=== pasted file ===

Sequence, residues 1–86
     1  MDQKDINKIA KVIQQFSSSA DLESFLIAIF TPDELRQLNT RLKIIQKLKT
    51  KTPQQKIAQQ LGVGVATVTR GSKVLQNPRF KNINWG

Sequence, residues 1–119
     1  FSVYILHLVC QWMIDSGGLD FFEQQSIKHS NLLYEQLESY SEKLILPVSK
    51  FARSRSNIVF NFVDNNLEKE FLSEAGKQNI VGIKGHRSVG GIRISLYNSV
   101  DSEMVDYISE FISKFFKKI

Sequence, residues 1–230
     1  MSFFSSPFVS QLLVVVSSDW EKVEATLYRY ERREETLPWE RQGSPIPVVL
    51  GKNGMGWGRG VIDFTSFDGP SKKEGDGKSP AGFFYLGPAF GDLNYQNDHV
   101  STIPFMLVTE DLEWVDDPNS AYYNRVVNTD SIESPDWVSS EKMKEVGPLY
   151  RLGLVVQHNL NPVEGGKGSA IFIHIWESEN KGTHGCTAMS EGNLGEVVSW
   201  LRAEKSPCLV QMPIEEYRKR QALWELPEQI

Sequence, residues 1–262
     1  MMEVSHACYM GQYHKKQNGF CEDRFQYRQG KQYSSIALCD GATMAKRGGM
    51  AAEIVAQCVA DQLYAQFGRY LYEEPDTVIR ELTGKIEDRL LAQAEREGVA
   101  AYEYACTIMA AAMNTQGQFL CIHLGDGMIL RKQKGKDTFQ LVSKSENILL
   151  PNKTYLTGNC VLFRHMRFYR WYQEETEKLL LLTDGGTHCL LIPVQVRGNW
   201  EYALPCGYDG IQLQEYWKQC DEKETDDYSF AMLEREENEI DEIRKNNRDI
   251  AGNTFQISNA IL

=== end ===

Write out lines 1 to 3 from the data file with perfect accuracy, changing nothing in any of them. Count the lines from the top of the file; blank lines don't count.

Sequence, residues 1–86
     1  MDQKDINKIA KVIQQFSSSA DLESFLIAIF TPDELRQLNT RLKIIQKLKT
    51  KTPQQKIAQQ LGVGVATVTR GSKVLQNPRF KNINWG